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Strong friendship bonds ESPN’s Kenny Mayne, Wolf Point’s Mark Sansaver

Posted at 2:08 PM, Oct 24, 2017

WOLF POINT — It happens late at night on ESPN’s SportsCenter.

As the 11 p.m. show comes to a close, longtime anchor Kenny Mayne will offhandedly mention a score or a team from eastern Montana that causes most viewers, and even some colleagues, to scratch their heads.

Sometimes he’ll give a shoutout to Poplar, other times he’ll announce a Glasgow Reds Legion baseball score over the air.

“It keeps it fun, it doesn’t throw your concentration off,” Mayne told MTN Sports about the eastern Montana name drops. “I think the Montana esoteric references they just kind of happen.”

Mayne has an eastern Montana hook-up who feeds him the scores. His best friend Mark Sansaver lives in Wolf Point and will text him results of random games to include in the show. But the relationship between Mayne and Sansaver goes much further than the funny, light-hearted moments you see on TV.

Sansaver is Mayne’s best friend. They met in the Seattle suburbs in the late 1960s and bonded instantly. Both of them were 10 years old and full of life.

Mark Sansaver (left) and Kenny Mayne have been best friends since first meeting as kids in the late 1960’s. (Courtesy: Mark Sansaver)

“Kenny was probably rolling by on his bike and saw me and my brothers playing and jumped right in,” Sansaver said. “Being in the same grade, we became fast friends. He only had sisters, so I was like his brother.”

Sansaver smiled thinking about the childhood memories.

“We literally played wiffle ball all the time,” he said.

They would mostly play at Mayne’s house on Star Lake. Mayne, Sansaver and the rest of the neighborhood kids spared no effort to make their games special. Lines were made with flour, they would pilfer advertisements at grocery stores to hang them on the fence to emulate outfield banners. Mayne’s sister would even sing the national anthem before games.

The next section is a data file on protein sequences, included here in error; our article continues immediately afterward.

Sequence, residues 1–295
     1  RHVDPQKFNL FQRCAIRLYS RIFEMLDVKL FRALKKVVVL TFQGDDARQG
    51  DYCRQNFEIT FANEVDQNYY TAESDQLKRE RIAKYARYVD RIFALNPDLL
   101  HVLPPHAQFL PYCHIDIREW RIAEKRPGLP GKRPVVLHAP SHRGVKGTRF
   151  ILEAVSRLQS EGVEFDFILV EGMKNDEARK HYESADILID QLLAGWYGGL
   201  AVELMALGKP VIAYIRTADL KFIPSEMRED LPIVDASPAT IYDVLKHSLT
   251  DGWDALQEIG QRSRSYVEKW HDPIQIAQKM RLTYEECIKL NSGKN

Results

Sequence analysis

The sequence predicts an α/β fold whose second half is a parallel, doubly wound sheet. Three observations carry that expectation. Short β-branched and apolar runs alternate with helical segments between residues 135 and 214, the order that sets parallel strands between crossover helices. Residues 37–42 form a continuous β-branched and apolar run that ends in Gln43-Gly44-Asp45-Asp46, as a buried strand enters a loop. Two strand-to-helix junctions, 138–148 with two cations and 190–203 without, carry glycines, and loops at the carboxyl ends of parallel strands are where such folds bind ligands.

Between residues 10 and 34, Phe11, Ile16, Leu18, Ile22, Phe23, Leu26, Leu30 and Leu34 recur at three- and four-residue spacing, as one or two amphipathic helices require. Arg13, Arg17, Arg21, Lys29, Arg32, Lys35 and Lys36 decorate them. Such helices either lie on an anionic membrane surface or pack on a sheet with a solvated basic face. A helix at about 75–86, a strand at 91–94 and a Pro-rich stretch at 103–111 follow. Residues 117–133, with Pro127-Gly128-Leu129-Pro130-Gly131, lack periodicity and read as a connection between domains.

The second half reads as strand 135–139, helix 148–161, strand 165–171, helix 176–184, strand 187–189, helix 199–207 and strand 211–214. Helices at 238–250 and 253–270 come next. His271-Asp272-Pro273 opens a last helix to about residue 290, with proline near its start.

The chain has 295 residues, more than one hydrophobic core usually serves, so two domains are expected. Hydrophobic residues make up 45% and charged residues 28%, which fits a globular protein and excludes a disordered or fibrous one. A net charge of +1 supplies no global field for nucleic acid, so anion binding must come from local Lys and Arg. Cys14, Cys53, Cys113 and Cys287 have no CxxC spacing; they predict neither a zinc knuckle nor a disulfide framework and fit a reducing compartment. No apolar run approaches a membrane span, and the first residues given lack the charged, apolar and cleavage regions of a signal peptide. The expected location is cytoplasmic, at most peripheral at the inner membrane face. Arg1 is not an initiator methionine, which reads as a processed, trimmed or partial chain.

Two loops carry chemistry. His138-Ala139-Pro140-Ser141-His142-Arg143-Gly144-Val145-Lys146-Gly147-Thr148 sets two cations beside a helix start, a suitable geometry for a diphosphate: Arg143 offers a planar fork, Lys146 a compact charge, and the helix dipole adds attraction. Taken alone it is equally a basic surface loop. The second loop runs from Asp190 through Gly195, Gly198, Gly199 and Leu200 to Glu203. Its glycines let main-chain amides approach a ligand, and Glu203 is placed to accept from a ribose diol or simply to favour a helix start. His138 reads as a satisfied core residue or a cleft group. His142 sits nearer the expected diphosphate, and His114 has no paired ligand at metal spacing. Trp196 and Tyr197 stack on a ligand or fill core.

“We would light off firecrackers and play it off like we were doing a big thing,” recalled Mayne. “And then we would essentially play, almost all day every day during the summer. And then we’d take breaks and go swimming and go back up and play the night games. We put in some hours into wiffle ball.”

It was on the wiffle ball fields that the legend of Mark Sansaver was born. According to Mayne, the league’s unofficial official stat keeper, Sansaver blasted more than 800 home runs over the course of one summer (give or take 30 or 40 due to illegal use of a non-regulation plastic bat).

That power made Sansaver the “true home run king” in Mayne’s eyes, a feat that put his name above baseball luminaries like Babe Ruth and Hank Aaron. That record would later land Sansaver recurring mentions on ESPN, beginning when Mayne was first hired at ESPN2 in 1994.

“He did a couple radio interviews with me, over the phone about breaking Lou Gehrig’s consecutive hits record, Babe Ruth’s home run record,” laughed Sansaver. “And I’d just go along with him because I knew it’s for fun.”

Though life took the two friends in separate directions after high school (Mayne played football at UNLV, Sansaver at Montana State), they stayed in regular contact and never let more than a few weeks pass without a phone call or a visit.